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Discriminatory attitudes against women, homosexuals and people with darker skin tones and other barriers to opportunities remain common in the Americas, according to responses to the 2012 AmericasBarometer survey by Vanderbilt University’s Latin American Public Opinion Project (LAPOP).
Those findings are among the trends that can be discovered in the large database created by the work of hundreds of LAPOP-associated partners and interviewers in 26 countries this year.
“We are delighted to present the results of the fifth round of AmericasBarometer,” said Mitchell A. Seligson, director of LAPOP and Centennial Professor of Political Science at Vanderbilt. “This round, we tackle a fundamental problem in the Americas: the tremendous gaps in opportunities experienced and resources available to the region’s citizens.”
The data generated by the massive polling project is available free of charge to other researchers and – for the first time – the general public at the LAPOP website. In addition, LAPOP researchers will work with the data to generate regular reports in the project’s Insights series spotlighting conditions in the separate countries represented.
More than 41,000 citizens in 26 countries of the Americas were polled, from northern Canada to the Chilean Patagonia, from bustling Caribbean cities to the rural Andean highlands. In each country, the surveys create a representative portrait of national public opinion. The interviews were administered during face-to-face interviews, except in the case of the United States and Canada, where interviews were conducted via the Web. In the majority of countries, data was collected using smartphones with software produced by members of LAPOP’s extended team.
“These devices streamline data entry, prevent skipped questions and thus enable us to maximize quality and minimize error in survey data,” said Elizabeth Zechmeister, associate director of LAPOP and associate professor of political science at Vanderbilt.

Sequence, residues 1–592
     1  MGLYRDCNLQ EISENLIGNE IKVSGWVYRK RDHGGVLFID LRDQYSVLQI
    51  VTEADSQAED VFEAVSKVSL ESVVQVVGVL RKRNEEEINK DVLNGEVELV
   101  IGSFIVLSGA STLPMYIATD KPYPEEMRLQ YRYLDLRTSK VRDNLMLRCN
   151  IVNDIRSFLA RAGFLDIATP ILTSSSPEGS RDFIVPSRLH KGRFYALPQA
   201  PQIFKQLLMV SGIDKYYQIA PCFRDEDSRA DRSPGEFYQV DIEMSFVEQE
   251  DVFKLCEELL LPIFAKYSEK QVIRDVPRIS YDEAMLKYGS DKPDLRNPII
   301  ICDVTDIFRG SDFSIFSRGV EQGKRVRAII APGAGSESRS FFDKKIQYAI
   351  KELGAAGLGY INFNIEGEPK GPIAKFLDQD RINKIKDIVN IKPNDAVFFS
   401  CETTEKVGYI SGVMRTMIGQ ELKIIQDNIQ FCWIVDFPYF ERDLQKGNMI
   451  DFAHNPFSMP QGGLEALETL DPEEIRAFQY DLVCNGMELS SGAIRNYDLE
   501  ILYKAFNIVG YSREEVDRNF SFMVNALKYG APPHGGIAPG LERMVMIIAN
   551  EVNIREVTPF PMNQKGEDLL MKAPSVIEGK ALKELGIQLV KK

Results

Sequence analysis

Among the findings that will be investigated further by LAPOP and other researchers as they analyze the rich dataset are:
- Nearly a third of citizens in the Americas believe men deserve priority for jobs over women when times are tough;
- One of every four people the average woman encounters in the Americas considers her less capable as a political leader than a man;
- Approximately 10 percent of the population carries discriminatory views against political leadership by those who are dark-skinned and even greater percentages disapprove of political leadership by gays and/or disabled individuals; and
- People with darker skin tones continue to face across-the-board inequities in education, income and even obtaining enough food to eat in many countries.
LAPOP, founded more than two decades ago, is hosted and supported by Vanderbilt University. The United States Agency for International Development (USAID) has provided the principal funding for carrying out these studies, with generous ongoing funding provided by Vanderbilt University and the Tinker Foundation. Other donors in 2012 are the Inter-American Development Bank, the United Nations Development Programme, the World Bank, the Swedish Embassy in Bolivia, the Brazilian Conselho Nacional de Pesquisa, and Duke University.
Jim Patterson, (615) 322-NEWS
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